Completing Customer Profiles by Jason Rushin
Sales people have been demanding better leads for a long time and today marketing is in a position to provide them. Marketers have discovered that the kind of data they collect is as important as its volume. It is no longer enough to create programs that capture a small set of demographic data about a customer and hand it over to a sales rep.
A few years ago sales people were happy with a name, title, and a phone number and with that they’d schedule a meeting to capture what was really important — need, budget, the identities of the other decision makers, and more. But today sales people don’t have time to invest in this basic data gathering and with high quotas managers want more meetings that advance sales processes rather than performing simple qualification. So all this has caused marketing to re-think its processes to meet sales’ demands.
Today marketers collect a variety of data through multiple techniques to enrich the leads that they ultimately hand over to sales. This approach also weeds out leads that might look strong but that will never close. With nurturing and enhanced collection feeding more data to analytics the refined leads that marketers are delivering to sales people are a thing of beauty. Unfortunately, that’s not enough any more.
In addition to all the data we collect and analyze to produce sales information, we also need to be mindful of the current situation in target accounts. By definition, situations change almost daily and the information about change, when added to data already collected through other marketing channels can produce a potent combination.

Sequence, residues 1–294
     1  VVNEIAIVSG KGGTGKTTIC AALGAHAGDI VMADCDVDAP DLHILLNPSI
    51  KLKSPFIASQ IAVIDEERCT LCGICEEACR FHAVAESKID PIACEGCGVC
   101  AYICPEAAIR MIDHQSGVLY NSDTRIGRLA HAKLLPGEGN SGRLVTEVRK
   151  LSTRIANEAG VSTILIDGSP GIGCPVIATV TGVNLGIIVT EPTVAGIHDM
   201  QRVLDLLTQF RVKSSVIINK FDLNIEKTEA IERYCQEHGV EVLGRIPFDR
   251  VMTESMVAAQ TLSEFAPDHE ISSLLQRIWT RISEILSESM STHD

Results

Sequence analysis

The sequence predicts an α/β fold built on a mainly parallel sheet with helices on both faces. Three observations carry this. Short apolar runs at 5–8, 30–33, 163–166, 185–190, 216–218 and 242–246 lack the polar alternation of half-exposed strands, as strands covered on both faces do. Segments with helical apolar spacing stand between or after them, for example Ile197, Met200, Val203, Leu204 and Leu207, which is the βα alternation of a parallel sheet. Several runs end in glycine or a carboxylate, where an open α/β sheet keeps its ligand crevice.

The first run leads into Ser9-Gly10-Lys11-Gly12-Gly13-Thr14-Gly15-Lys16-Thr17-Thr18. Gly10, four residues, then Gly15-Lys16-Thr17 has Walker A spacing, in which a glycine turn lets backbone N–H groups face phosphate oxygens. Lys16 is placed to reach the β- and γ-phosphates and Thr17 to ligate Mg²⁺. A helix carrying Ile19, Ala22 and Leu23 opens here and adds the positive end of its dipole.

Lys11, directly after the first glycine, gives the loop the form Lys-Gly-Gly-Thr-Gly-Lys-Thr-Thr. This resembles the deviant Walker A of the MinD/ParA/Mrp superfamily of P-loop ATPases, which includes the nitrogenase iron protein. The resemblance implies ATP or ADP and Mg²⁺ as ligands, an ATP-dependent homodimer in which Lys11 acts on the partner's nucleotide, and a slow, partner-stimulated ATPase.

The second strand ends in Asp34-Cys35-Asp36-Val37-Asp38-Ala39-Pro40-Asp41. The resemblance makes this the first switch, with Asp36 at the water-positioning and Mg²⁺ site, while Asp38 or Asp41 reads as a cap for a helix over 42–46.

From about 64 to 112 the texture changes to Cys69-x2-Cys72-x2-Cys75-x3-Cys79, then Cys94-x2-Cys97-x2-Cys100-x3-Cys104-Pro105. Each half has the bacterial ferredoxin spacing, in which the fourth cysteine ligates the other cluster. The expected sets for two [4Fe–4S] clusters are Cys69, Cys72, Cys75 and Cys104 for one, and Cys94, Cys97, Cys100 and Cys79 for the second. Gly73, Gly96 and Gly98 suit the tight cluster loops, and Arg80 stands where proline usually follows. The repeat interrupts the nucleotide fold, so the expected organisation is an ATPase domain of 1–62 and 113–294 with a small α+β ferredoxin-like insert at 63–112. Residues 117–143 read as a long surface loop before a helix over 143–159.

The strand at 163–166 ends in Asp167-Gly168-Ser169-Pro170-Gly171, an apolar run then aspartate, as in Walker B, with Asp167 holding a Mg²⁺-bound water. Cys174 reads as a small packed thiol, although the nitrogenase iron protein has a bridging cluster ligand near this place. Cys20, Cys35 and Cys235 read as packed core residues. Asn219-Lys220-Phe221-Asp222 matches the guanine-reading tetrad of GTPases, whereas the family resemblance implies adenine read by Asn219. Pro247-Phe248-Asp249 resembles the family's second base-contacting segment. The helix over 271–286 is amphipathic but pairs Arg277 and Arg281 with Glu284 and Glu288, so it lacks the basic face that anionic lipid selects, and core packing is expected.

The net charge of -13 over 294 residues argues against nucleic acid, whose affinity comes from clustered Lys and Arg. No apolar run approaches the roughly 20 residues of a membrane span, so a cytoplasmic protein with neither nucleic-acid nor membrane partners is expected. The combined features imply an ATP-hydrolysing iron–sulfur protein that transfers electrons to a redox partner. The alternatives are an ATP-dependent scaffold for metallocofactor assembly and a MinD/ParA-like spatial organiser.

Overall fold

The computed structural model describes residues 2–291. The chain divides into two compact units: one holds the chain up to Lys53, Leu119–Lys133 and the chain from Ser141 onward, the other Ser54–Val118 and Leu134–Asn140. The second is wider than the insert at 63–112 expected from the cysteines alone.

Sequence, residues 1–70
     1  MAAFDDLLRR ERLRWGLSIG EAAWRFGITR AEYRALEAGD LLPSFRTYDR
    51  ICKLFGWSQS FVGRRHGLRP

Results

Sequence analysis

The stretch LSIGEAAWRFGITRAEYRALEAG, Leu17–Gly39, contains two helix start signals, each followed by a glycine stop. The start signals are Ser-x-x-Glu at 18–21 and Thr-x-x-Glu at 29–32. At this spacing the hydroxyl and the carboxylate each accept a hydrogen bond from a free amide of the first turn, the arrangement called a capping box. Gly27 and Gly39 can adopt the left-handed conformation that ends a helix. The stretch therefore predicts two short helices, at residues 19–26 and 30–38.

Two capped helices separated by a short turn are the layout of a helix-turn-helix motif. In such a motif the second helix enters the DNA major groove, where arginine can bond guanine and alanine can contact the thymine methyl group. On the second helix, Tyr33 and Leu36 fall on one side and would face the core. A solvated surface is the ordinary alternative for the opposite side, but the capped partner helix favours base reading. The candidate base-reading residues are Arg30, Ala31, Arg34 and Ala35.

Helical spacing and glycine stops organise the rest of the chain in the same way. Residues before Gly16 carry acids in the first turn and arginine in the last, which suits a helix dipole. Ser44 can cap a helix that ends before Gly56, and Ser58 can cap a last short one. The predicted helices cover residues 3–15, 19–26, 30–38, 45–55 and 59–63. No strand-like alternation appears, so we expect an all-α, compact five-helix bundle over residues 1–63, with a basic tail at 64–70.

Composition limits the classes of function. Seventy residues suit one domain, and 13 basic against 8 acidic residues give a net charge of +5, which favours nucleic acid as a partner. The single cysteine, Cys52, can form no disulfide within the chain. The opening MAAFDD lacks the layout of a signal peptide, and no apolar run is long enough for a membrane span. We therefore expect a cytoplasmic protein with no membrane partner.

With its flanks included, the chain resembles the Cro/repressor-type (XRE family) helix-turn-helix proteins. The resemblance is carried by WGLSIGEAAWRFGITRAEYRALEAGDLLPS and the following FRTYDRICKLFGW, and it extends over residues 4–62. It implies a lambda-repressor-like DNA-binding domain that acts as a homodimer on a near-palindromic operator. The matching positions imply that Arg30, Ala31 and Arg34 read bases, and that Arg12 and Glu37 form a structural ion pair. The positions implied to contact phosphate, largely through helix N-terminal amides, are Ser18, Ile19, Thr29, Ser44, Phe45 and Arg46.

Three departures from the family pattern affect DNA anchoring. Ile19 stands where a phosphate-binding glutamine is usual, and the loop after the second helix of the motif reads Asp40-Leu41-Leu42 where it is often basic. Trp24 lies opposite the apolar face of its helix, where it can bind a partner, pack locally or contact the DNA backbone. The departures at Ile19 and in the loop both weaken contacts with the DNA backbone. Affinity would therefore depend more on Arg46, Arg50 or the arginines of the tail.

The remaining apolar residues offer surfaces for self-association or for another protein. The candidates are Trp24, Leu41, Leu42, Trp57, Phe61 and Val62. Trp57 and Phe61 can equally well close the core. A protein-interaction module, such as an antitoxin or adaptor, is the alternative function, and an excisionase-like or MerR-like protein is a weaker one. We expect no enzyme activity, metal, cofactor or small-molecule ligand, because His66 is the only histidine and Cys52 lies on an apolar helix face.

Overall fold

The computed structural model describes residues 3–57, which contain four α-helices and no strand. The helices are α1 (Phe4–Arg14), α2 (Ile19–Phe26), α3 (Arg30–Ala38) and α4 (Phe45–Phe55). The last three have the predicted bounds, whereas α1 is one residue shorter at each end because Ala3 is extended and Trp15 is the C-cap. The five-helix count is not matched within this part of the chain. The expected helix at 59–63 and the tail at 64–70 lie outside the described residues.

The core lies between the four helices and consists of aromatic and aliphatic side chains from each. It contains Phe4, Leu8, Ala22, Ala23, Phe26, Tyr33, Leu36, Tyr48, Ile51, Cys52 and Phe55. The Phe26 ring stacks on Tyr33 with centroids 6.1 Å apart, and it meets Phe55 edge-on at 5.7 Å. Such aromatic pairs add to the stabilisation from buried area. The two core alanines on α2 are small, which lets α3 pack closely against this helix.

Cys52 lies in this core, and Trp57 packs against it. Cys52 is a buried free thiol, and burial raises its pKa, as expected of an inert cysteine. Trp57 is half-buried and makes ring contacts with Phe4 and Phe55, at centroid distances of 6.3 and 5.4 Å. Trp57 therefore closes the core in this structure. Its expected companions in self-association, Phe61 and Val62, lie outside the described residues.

Change information comes in many forms — press releases, earnings reports, news items, analyst reports, and much more. When added to what we already know about our territories and target accounts, it can turn a pile of so-so information into powerful sales knowledge that approaches intellectual property. If you view IP as the sum or a company’s research, knowledge, patents, processes and the like, then you really should add sales knowledge. The knowledge you can develop about your markets and target customers, in relation to your own knowledge, designs, and plans is unique. You own it, no one else has it and it is a competitive weapon.